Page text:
"You can't beat the river," hundreds of homes damaged as Lake St. Clair breaks record heights

Lakefront views can be blessings for residents. Until that lakefront starts encroaching beyond its normal levels. 

"You can't beat the river; it wins all the time," said Pat Hughes, of Algonac.

It may seem like a tired story, but reports of flooding have continued to come in as Great Lakes' water levels reached heights not seen since the Army Corps of Engineers started record keeping their levels. Over the Fourth of July Lakes Superior, Erie and Ontario broke heights.

But that's not the only lake breaking records.

"You couldn't see grass, it was all water here," said Ron Deriemacker, "It was like a lake."

Or at least an extension of one. Among other water bodies breaking records is Lake St. Clair. It's three feet higher now than it was a year ago. About 200 homes have taken on water. That means yards saturated, dry wall soaked and sand bags filled - about 500,000 of them since the water woes began in May.

And the levels are expected to continue climbing.

"We are at a critical tipping point with many of our homes and businesses being impacted by floodwaters," said Justin Westmiller, the director of Homeland Security and Emergency Management with St. Clair County.

He said levels will go up another three inches in July. There's many factors contributing to the historic highs of the Great Lakes.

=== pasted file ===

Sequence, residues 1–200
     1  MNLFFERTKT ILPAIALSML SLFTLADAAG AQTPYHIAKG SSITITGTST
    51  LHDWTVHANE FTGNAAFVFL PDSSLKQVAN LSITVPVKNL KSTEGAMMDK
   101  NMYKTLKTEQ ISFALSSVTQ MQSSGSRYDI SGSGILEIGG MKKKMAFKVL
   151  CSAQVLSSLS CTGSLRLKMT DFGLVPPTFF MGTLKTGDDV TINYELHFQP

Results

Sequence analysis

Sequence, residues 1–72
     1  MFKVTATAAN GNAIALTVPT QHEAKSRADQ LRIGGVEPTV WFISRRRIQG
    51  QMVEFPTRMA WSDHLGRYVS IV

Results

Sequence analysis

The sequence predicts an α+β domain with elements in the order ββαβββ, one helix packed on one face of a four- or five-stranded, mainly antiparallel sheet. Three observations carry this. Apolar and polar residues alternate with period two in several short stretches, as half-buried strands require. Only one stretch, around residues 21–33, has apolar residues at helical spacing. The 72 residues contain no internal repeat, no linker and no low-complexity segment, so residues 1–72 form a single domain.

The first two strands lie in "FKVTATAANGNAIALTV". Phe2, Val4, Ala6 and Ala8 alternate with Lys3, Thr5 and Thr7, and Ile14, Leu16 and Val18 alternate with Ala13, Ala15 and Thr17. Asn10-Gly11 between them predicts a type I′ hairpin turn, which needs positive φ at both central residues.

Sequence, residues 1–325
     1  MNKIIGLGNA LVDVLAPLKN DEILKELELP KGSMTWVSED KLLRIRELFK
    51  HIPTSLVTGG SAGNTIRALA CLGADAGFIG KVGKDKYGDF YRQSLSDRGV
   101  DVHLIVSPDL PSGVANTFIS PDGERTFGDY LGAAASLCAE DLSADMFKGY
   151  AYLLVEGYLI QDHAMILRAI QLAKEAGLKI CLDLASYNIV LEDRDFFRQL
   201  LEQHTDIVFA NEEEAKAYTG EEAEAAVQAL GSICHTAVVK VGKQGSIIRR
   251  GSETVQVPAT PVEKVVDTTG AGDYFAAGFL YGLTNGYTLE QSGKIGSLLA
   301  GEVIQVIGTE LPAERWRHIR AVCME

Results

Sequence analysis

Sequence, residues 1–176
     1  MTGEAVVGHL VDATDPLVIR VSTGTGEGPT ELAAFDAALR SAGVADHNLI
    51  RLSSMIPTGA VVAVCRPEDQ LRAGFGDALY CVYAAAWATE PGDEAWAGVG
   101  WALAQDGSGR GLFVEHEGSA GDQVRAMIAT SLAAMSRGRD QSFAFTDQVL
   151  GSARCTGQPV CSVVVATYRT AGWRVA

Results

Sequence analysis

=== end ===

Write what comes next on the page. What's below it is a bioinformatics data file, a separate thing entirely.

"We are holding onto so much water and that's allowing the water to rise in the Great Lakes," he said, "and then we had a huge runoff this past spring and that also added to our lake level so we just got a unique situation."

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Several communities elsewhere have found themselves struggling with water levels. From Harrison Township to neighborhoods in Detroit, many cities are attempting to mitigate flooding. Effects have even been exposed on Belle Isle.

Along with the melting snowpack, residents have to also factor in the ubiquitous rainfall in May and June. Those are environmental effects that can't be controlled. But there are other things residents can.

"The biggest problem is actually the boats that go by here," said Deriemacker. "They don't pay attention to the wake laws and they go fast and the water is so high in the canals it comes right over the top."

The county currently owns three pumps, all of which are working full time. They're trying to by five more. 

So what would help the water levels go down? Consider a scenario as extreme as the one that placed Michigan in this situation.

"To get as hot as we can for the next two or three months and burn off as much water as we can," said Westmiller, "and then we have a very very mild winter - so that's the super best case scenario."